How to transform a castle into a campus connector
Project Type: Restoration, Adaptive Reuse
Client: College of Mount Saint Vincent's
HOW TO TRANSFORM A CASTLE INTO CAMPUS CONNECTOR
Location: Fonthill Castle, Bronx, NY
Project Type: Preservation, Adaptive Reuse
Phase: Condition Report, Landscape concept Design, 2017
Status: on hold
Client: College of Mount Saint Vincent's
Fonthill Castle is a Gothic Revival hammered stone structure built to recall a castle, built along the Hudson River as the Hudson River Railroad planned to lay its tracks, composed by a cluster six octagonal towers, the name Fonthill was derived from William Beckford's Gothic Fonthill Abbey in England it was commissioned in 1852 by Edwin Forrest, a successful skakespearean Actor, as the private home for himself and his wife, the couple never got to live in the building. Forrest later sold the property to the Sisters of Charity of New York who relocated the Academy of Mount Saint Vincent from McGowan's Pass when the City of New York was developing Central Park. The castle has served as a convent, chapel, museum, chaplain's residence, and the college library, without any significant modification made. The structure, which is now a National Historic Landmark. its curious history, (the Sisters were essentially the single user), preserved the overall integrity of the exterior and interior, which is however in great need of restoration and infrastructure upgrades. TRA studio was charged in 20016 to start the process to document the building and prepare a complete Condition Report for the Restoration, TRA also prepared a concept design for the redefining the surrounding areas, in a way restoring the connection between the building and it surroundings.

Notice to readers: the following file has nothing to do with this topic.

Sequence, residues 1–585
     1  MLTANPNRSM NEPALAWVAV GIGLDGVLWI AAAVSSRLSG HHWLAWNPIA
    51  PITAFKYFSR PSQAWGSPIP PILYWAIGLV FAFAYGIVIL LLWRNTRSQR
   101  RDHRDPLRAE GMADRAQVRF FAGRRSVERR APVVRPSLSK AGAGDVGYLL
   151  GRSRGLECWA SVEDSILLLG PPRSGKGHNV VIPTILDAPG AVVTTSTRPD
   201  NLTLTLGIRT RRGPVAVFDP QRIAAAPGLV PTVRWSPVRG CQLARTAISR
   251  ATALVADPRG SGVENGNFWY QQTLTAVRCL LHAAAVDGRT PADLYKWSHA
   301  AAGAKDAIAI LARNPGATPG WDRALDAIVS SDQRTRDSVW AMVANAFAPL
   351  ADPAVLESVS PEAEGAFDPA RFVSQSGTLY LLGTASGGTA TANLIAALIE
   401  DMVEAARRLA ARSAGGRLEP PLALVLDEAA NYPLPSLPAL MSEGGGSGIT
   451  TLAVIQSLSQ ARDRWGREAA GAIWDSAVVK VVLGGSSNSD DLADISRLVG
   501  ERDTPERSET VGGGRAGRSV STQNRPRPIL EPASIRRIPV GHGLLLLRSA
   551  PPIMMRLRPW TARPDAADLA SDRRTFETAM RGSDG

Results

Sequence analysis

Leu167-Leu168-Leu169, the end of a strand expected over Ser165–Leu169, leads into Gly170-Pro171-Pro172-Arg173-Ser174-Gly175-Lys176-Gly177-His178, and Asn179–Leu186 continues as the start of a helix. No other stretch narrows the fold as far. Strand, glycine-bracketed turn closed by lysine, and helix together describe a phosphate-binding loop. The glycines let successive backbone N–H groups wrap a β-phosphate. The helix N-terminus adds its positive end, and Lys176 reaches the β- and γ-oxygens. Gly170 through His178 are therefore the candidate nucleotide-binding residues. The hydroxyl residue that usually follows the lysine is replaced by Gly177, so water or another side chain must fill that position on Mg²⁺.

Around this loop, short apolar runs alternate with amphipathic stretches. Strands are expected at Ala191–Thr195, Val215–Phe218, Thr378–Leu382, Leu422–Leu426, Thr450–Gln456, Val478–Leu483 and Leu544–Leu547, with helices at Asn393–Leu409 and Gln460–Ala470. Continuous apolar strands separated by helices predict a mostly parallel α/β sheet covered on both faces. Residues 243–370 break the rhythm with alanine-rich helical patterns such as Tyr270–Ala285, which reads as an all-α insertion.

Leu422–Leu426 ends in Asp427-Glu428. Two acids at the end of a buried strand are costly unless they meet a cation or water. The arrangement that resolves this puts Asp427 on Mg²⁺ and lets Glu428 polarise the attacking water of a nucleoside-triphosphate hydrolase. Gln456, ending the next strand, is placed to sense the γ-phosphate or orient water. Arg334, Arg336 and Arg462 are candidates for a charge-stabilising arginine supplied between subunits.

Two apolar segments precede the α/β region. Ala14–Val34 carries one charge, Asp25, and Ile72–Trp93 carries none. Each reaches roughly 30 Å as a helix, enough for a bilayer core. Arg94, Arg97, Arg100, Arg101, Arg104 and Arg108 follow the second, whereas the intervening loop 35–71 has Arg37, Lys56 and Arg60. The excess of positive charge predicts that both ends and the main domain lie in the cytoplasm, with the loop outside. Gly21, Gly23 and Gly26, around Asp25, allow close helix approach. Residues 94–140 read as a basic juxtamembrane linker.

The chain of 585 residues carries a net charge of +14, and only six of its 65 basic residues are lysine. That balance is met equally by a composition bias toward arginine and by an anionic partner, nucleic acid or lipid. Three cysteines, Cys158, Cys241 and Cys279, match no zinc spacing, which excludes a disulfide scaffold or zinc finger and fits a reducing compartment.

TRA Studio is in the process of crafting a restoration plan for the historic structure, whose TRA is also in the process of redefining the landscape connecting the structure to the other major buildings on Campus. The proposed landscape design takes its clues from the original print showing a perfectly circular lawn surrounding the castle, suggesting an abstract moat around it. The proposed scheme proposes a circular defininig moat which takes the place of the present asphalt cul de sac road, also acting as a retaining basin to manage runoff.
A minimal gentle circular ramp accompanies the moat, gently leaning over the pre-existing steps to the outdoor stage that Forrest had envision for his own performances, the gesture allows for handicapped accessible access without marring the existing individual Landmarked structure in any way. The geometry of the moat expands in concentric circles creating an open amphitheater around the open stage. The terraced landscape climbs up the hill, connecting the castle to the Main Building. An open cantilevered terrace for hosting events occupies the Hudson quarter of the circle, while the necessary parking is hidden away downhill. The proposed main interventions pertain, as previously mentioned, to the handicapped access to the main floor and subsequently to the upper floors.. The service spaces, such as the kitchen for events, storage and mechanical, take advantage of the less accessible spaces, such as the basement, (where the irregular foundation even boasts exposed rock boulders) and the portions of the turrets that cannot be publicly used, due to the lack of means of egress.
The simple, concise, minimal geometry which originates from the Fonthill Castle rotunda radiates, in a spinning movement, to engage the campus at large, from Founder’s Hall to the River, becoming its campus connector. One of the paths takes to the old Railroad tracks, which hopefully one day will reconnect the Hudson Valley to the City.
Instead of the function defining the form, in this case the form dictates the function. The floor plan is a porous cluster of six octagonal towers, no corridors and wasted space, making it ideal for exhibition or event space, accessed from all 360 degrees from all the major buildings of the campus and connect vistas from the Administration Building to the Hudson River and to the Community at large. The compact floor plan, almost absent of corridors, makes for the perfect exhibition and performance space, without much intervention.
The eccentric floor plan promises, in the second phase of the project, to make it the ideal hub to foster sociability and provide a reference point that symbolizes the togetherness of all the different departments populating the campus site.